City prohibits gas stations, relaxes parking requirements, next to light rail stations

December 11, 2018

From Mayor’s Office of Civic Engagement

The Sacramento City Council Tuesday voted 8-0 to prohibit new gas stations, drive-through restaurants and auto repair shops within a quarter mile of light rail stations. Those within a half mile will require a conditional use permit.

The new rules also eliminate minimum off-street parking requirements for housing developments within a quarter mile of light rail stations, and reduce them by half within a half-mile radius.

The changes are intended to spur construction of housing in pedestrian, bicycling and transit-friendly corridors around light rail stations, where residents would have less need for cars.

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ECOS/Habitat 2020 Comments on the Two Rivers Trail Phase II project

On November 30, 2018, the Habitat Committee of the Environmental Council of Sacramento submitted a letter to Tom Buford, Principal Planner, and Adam Randolph, Project Manager, with the Community Development Department of the City of Sacramento.

Habitat 2020 is a citizen coalition that works to protect the lands, waters, wildlife and native plants in the Sacramento region. It also serves as the Environmental Council of Sacramento’s Habitat & Conservation committee. The great Central Valley of California has been identified by the World Wildlife Fund as one of North America’s most endangered eco-regions. Preserving its remaining open space and agricultural land is essential for sustaining native plants and wildlife, and ensuring a high quality of life for ourselves and future generations. Members of Habitat 2020 include the Sacramento Audubon Society, California Native Plant Society, Friends of Swainson’s Hawk, Save the American River Association, Save Our Sandhill Cranes, Sierra Club Mother Lode Chapter – Sacramento Group, Friends of Stone Lakes National Wildlife Refuge, the International Dark-Sky Association and the Sacramento Area Creeks Council.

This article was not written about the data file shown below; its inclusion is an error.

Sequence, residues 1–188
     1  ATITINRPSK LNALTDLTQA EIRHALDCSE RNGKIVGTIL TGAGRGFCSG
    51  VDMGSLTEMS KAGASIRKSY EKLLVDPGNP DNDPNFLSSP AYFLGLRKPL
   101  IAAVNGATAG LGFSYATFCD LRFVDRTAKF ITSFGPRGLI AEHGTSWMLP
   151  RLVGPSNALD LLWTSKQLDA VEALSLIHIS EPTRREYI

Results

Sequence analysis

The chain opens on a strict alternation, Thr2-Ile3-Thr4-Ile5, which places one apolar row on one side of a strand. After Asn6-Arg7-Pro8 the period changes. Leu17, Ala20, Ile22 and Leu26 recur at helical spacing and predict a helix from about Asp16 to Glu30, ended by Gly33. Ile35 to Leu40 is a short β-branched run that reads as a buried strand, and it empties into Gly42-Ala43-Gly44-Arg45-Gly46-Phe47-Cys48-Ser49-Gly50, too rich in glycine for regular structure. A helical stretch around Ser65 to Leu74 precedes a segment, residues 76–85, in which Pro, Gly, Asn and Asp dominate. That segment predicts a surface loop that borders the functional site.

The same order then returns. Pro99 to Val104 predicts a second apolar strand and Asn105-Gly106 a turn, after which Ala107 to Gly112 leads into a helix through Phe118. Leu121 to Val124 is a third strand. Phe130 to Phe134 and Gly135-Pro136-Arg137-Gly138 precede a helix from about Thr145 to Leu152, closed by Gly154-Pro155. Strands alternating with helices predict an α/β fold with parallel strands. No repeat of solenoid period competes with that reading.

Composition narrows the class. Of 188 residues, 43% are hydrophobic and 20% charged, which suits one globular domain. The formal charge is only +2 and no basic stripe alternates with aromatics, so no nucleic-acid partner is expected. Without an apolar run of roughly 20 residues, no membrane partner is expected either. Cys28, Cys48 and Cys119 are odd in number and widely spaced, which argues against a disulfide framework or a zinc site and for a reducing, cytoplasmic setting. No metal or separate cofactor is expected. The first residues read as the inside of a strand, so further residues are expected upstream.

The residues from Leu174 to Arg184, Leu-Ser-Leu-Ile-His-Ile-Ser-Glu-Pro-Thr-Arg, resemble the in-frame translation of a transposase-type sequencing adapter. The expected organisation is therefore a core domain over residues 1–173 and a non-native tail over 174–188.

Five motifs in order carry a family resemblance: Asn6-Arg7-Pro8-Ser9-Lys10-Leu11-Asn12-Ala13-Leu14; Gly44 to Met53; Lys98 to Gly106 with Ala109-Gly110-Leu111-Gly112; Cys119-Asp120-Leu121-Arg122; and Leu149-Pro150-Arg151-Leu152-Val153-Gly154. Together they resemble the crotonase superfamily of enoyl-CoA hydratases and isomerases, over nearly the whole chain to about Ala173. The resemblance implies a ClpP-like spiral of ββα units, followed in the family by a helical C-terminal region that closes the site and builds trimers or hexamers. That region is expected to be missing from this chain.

The American River Parkway is a unique and singularly important riparian habitat corridor in the County of Sacramento and is a rare remaining remnant of what was once a much more extensive riparian ecosystem in northern California. Any project to construct facilities within the Parkway and to increase human activities in the Parkway has impacts on the wildlife, habitat and plants of this corridor. This project would create 3.4 miles of new Class 1 bicycle and pedestrian trail primarily along the waterside levee toe west from Sutter’s Landing Regional Park to the Sacramento Northern Bikeway Trail at North 18th Street, and east from the eastern terminus of Sutter’s Landing Regional Park to the H Street Bridge. The trail would be 14-16 feet wide. As stated in the MND/IS, page 5, the project is proposed to be constructed largely in an area designated as “Protected Area” under the American River Parkway Plan, with habitat preservation and recreation-related activities being the primary uses. As stated on page 9, it is one of the objectives of the project to “Complete the project in a manner that minimizes environmental impacts to the Parkway, given the proposed project’s location within the environmentally sensitive Parkway.”

Our comments on the MND/IS focus on the conservation of the Parkway as natural habitat. Moreover, we support the mission of the Save the American River Association (SARA) and endorse (and incorporate by reference into our comments) all comments made by SARA on this MND/IS. Likewise, we endorse and incorporate comments made by the Friends of the River Banks and the Friends of Sutter Landing Park.


We request that the City draft and circulate a full EIR, considering alternatives to the project width and alignment, and significantly improving the mitigation measures for the project
.

View the full letter by clicking here (PDF).

View more information about the project on the City’s website by clicking here.

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Sacramento plans to pull out trees near Convention Center during renovation

By Theresa Clift

November 27, 2018
Updated November 28, 2018

The Sacramento Bee

Leading up to the meeting, members of Trees for Sacramento and other residents told Hansen they were alarmed by a document on the city website that said city staff was asking the council to cut down 96 trees for the projects. The real number is actually 51, Hocker told the council at the meeting. The higher number included some large shrubs.

Judith Lamare, of Trees for Sacramento, said the city should have considered tree removals at the time the council was asked to approve the design plan for the projects, when there was still time to make changes without wasting a lot of money.

“That way we wouldn’t get in the position we’re in tonight,” Lamare said.
Paul Andrews said the lost trees would mean about 22,000 square feet of shade lost downtown, which will make it harder for people to be outside in the summer.

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